Androgenic alopecia, commonly known as male or female pattern baldness is the largest offender for hair loss but another common cause that can trigger hair loss is stress related conditions. There are 3 hair cycles a hair follicle goes through, catagen, telegon and anagen; anagen, is the active phase of hair growth when cells divide to form the hair shaft, pushing the old hair out of the scalp, lasting somewhere between 2 to 6 years.
Catagen phase; the hair stops growing, the base of the hair or the root starts to atrophy or shrink as it becomes detached from the blood supply; around 3% of our hair is in this stage at any time.
The telogen phase is the resting stage with around 8% of the hair in this stage at any given time, lasting approximately 3 months.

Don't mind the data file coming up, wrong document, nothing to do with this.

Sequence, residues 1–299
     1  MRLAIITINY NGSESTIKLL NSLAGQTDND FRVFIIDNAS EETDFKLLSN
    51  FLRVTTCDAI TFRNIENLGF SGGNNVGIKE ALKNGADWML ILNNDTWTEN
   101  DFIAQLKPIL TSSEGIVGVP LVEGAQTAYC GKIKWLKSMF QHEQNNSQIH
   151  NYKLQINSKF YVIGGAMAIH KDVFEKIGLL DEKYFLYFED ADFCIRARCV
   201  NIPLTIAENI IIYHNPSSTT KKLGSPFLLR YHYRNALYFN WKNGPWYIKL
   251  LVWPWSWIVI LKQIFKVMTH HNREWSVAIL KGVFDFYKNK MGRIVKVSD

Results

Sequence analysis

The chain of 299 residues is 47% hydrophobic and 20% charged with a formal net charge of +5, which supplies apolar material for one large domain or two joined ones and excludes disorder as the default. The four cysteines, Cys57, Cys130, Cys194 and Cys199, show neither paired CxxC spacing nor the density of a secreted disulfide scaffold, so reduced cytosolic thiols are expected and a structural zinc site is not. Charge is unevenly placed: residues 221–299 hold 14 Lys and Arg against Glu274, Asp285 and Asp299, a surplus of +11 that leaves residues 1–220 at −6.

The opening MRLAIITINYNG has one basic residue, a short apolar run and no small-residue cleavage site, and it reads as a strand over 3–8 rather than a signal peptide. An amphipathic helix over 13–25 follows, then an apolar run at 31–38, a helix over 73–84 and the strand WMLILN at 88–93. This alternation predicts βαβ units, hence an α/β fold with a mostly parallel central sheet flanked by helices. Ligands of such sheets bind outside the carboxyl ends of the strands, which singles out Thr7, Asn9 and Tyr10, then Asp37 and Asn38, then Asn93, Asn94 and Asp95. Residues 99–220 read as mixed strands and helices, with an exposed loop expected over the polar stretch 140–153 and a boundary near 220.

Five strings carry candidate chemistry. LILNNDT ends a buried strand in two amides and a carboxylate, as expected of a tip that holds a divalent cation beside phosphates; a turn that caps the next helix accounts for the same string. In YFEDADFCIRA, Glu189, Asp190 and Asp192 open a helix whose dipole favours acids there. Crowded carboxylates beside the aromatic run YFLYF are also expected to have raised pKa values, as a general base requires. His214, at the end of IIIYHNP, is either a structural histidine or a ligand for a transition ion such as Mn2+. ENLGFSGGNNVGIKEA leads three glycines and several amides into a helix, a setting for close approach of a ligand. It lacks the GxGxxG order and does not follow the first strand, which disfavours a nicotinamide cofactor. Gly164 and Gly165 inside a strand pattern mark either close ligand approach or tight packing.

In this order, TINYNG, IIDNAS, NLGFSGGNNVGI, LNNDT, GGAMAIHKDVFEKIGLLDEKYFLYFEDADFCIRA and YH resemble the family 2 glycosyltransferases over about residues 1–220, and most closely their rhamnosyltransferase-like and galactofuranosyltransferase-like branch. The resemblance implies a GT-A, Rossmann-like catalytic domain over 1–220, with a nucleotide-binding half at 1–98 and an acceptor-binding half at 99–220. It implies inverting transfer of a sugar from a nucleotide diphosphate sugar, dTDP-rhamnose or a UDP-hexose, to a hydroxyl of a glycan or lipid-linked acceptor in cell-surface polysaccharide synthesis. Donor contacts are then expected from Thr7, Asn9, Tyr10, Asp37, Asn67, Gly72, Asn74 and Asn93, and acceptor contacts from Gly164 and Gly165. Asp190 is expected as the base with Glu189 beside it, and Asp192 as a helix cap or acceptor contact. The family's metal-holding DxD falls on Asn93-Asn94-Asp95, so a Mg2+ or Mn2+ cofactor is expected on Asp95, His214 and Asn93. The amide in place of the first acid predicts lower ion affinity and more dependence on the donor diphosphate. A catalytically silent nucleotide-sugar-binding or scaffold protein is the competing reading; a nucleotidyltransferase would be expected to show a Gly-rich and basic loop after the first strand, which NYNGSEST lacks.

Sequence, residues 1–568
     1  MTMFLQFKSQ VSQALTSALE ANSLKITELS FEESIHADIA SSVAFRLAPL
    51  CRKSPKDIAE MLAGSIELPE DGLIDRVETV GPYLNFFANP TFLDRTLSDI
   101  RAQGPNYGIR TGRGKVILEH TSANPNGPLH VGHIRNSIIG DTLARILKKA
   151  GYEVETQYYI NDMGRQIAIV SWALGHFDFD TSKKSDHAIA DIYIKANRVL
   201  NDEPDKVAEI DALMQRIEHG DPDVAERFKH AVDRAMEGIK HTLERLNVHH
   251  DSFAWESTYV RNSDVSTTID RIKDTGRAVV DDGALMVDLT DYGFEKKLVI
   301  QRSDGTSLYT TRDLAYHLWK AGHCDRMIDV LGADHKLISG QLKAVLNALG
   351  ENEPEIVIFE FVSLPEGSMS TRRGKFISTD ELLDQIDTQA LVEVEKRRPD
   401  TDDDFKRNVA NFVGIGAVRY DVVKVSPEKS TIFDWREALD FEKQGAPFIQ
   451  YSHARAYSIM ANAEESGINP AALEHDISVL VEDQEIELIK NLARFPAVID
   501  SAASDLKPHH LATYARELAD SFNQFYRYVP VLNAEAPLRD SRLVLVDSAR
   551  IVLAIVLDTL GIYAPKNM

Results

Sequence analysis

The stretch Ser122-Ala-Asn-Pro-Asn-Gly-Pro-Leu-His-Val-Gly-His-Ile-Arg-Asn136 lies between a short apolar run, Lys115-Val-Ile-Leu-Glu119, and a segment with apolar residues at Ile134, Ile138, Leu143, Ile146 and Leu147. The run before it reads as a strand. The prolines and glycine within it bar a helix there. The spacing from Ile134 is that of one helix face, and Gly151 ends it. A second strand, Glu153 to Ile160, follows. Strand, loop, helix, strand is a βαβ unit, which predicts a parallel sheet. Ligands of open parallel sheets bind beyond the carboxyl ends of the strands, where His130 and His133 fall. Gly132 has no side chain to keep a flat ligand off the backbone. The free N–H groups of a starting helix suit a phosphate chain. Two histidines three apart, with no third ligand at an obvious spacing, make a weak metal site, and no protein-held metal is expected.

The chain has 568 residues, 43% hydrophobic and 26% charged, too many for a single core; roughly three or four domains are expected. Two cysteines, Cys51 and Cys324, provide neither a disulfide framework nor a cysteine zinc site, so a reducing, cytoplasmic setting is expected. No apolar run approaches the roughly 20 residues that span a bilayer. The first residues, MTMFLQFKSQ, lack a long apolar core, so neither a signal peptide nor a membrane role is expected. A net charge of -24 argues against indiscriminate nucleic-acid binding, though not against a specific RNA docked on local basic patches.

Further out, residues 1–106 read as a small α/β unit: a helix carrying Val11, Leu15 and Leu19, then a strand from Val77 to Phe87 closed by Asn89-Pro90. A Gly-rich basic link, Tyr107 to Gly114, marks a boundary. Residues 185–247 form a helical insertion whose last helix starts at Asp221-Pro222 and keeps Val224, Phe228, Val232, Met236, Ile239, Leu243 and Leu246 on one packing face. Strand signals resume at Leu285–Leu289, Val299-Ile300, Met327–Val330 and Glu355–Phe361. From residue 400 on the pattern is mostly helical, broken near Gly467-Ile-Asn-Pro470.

Telogen effluvium, a condition that causes a greater % of hair to enter into the resting phase at the same time, resulting in a greater number of hairs shedding at the same time; commonly considered to be created by stress levels in the body increasing. This is generally prolonged emotionally stressful periods in life and not just a bad day at work; on some occasions once the stressful period is over the hair can rebalance the natural hair cycles, but this can take time, maybe 12 months.
It is believed by some doctors that the condition is caused by the body shutting down less important body organs to maintain the health of more important aspects of the body physiology. The increase in shedding can be stressful in its own right, as it seems that with the amount of shedding on a daily basis it would not be long before there was no hair left to shed. The use of hair retention medications may help to reduce the shedding over time, but can initially increase shedding temporarily.
As always it is best to seek medical advice before undertaking a hair retention programme, and especially before considering a hair transplant as the hair loss is not under control it is best to wait until hair loss has stabilised and then assess the situation